Ken MacLeod ken@bitsko.slc.ut.us
22 Apr 2000 15:06:06 -0500

Christian Tismer <tismer@tismer.com> writes:

> "Andrew M. Kuchling" wrote:
> ...
> > To my horror, the two parts of the XML schema WDs are 520K and 360K of
> > HTML; that's huge!  (XML 1.0 is 188K.)  Didn't people want schemas
> > because they thought DTD syntax was too complicated?
> It looks so, yes. But it's all XML, no DTD needed, and it is much
> more powerful and easy to read.  To get a feeling, I suggest to grab
> a demo copy of XMLAuthority at http://www.extensiblity.com and play
> with it. Create a simple document structure, and save it as DTD and
> as Schema.  This is quite impressive and convincing.
> Writing a schema processor would not involve to write a new XML
> parser per se, but you would use an existing, probably
> non-validating parser, maybe one that validates the XSD file.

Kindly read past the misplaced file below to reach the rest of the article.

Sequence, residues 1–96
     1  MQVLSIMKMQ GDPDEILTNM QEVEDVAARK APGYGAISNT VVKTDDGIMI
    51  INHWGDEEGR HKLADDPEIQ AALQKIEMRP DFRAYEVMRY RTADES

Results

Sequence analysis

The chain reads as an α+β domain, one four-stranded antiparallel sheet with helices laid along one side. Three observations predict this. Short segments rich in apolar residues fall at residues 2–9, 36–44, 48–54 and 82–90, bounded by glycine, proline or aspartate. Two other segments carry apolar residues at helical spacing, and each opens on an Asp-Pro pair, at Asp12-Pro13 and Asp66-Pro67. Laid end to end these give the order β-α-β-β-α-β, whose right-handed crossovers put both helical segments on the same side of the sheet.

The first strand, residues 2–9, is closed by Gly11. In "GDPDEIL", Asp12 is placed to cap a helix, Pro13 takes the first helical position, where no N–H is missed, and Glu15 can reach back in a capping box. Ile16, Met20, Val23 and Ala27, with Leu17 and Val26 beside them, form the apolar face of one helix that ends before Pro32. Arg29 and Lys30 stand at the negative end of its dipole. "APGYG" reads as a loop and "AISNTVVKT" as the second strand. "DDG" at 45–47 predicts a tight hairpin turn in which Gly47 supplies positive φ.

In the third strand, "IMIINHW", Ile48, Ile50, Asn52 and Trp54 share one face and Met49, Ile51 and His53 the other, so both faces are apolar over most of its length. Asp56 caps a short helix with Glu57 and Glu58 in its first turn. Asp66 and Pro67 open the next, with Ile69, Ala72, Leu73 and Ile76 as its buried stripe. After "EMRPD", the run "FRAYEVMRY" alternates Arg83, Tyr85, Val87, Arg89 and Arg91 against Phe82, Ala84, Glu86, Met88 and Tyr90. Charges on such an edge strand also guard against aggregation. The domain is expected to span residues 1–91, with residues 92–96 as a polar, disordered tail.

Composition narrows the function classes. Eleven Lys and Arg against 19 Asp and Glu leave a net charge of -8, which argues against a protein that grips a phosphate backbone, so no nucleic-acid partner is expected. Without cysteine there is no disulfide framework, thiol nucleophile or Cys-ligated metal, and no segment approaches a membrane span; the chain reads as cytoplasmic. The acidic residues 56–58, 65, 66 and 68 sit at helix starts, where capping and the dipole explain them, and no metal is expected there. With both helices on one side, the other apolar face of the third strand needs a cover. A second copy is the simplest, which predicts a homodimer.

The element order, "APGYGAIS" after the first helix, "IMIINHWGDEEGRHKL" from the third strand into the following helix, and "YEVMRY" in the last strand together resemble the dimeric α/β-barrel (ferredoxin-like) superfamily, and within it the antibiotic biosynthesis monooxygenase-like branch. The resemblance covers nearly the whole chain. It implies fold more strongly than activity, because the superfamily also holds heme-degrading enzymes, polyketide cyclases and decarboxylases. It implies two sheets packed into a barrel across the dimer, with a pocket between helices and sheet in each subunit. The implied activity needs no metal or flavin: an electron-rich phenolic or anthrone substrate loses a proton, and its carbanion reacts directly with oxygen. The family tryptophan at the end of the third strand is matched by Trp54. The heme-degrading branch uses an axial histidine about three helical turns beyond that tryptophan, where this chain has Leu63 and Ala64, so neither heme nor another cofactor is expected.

> But generating the rules from the XSD files is then already
> completely Python's task, since what we generate is a set of rules
> which are used as the validating/processing part for data files
> which make use of that schema.  These rules would be put on top of a
> fast non-validating parser.

I respect the functionality of XML Schema, but to claim its XML
grammar as "more powerful and easy to read" is a big reach.
Domain-specific syntaxes almost always beat out generic or interchange
syntaxes for expressiveness and readability.

That ranks up there with using a DOM interface to your application's
data as one of the biggest misuses of XML.

  -- Ken